The comments at Think Progress were particularly nasty. On the other hand the debate at Pharyngula's was extremely interesting and for the most part civil. I have to say I was surprised by PZ Myers stance on Homeschooling.
I'm one of those people who thinks we ought to be consistent and require everyone to attend an accredited school, public or private, and that private schools ought also to be required to meet certain secular standards, such as that their science education ought to address the evidence reasonably.
For some reason I expected him to be a homeschool supporter, oh well at least he can sing. And who knows maybe after reading the comments from the secular homeschoolers he will change his mind.
The big hang up for a lot of the anti homeshcoolers was the result of this poorly worded survey
Federal statistics from 2007 show 83 percent of home-schooling parents want to give their children "religious or moral instruction."As one of the Atheist commentators (LadyShea) pointed out even Atheist may have checked this answer because most parents want to provide their children with some sort of moral instruction. So it didn't necessarily mean that 83% of homeschoolers were religious zealots as most of the anti homeschoolers assumed.
Also the study was preformed by the National Home Education Research Institute which is linked to HSLDA (Homeschool Legal Defense Association run by the Evangelical Fundies). See Milton Gaither's post Brian D. Ray and NHERI, part 2 for more information on the link between NHERI and HSLDA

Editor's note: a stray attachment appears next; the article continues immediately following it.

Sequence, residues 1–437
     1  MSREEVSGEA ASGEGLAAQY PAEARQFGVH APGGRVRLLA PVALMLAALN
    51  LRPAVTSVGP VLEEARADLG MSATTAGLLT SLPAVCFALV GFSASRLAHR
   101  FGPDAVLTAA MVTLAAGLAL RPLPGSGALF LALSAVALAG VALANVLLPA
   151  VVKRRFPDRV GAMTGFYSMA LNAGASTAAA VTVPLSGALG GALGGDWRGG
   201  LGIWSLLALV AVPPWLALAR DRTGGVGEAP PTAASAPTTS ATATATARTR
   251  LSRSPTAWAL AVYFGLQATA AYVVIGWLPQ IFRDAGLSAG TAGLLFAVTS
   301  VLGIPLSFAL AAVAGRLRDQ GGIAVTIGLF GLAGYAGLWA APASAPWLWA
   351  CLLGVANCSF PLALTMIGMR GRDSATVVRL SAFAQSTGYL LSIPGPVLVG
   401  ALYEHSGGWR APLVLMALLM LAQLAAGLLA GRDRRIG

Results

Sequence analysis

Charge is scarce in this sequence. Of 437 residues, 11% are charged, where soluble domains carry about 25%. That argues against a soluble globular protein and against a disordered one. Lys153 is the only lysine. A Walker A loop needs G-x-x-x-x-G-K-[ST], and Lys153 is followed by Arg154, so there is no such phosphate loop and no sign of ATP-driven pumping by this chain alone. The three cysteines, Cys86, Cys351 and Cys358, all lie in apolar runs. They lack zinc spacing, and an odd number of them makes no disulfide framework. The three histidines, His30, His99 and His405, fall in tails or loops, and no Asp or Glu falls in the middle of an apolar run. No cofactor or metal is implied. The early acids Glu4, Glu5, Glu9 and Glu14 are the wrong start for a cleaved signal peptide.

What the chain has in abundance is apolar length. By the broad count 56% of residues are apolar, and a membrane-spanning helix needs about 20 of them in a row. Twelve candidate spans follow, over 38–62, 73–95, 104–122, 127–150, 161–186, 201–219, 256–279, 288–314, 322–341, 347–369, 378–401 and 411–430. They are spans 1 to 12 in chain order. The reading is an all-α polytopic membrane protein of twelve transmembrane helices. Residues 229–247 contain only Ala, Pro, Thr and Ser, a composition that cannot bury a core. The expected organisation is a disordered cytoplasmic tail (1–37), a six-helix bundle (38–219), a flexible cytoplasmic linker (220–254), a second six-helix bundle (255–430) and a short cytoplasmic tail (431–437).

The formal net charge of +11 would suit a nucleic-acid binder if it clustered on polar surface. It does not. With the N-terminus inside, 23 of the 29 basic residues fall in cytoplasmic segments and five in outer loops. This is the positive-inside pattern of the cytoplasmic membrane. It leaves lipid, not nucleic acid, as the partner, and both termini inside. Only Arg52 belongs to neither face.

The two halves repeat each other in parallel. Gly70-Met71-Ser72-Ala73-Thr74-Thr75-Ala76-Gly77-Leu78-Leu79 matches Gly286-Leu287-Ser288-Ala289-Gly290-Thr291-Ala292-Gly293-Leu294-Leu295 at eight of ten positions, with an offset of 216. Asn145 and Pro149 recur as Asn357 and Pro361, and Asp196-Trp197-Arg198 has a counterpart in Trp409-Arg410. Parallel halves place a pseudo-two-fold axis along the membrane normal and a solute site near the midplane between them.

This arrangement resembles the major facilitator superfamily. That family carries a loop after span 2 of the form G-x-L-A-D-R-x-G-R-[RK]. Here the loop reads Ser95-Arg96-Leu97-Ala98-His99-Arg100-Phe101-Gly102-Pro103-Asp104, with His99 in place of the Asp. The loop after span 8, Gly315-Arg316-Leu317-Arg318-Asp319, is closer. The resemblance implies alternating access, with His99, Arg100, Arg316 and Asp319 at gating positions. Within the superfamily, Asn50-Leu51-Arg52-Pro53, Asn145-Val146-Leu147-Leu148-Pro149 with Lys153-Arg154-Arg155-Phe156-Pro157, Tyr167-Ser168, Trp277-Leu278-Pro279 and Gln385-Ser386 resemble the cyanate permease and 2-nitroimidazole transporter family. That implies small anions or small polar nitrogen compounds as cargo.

Another survey Tapestry of Homeschool Survey Report paints a far different picture of homeschoolers.
- 90% of the respondents were married, 4% were single, a little over 3% were in domestic partnerships.
- 80% were homeschooling for non-religious reasons.
The sources the AP article cited are
Apologia Educational Ministries: http://www.apologia.com
's blog, "Why Evolution is True": http://whyevolutionistrue.wordpress.com/
Jerry Coyne is a scientist and his only contribution to the article was to give his opinion on the textbooks. I personally think he was to kind to the publishers as their textbooks are truly awful in my opinion.
Apologia Educational Ministries and Bob Jones University Press are two Christian Publishing Companies that have a vested interest in convincing people that if they homeschool they must buy their products. Did the AP reporter really expect them to say "Oh, some homeschoolers do use textbooks from Secular Publishers"? Why were no Secular Publishers who cater to the homeschooling market interviewed. Saxon a well know Publisher of Math Textbooks has a site just for homeschoolers Saxon Home School.
Now thanks to sloppy reporting by the AP many people have come away with a false sense of what homeschooling looks like. I can just hope the truth about how diverse the homeschooling community truly is will travel across the Internet as quickly.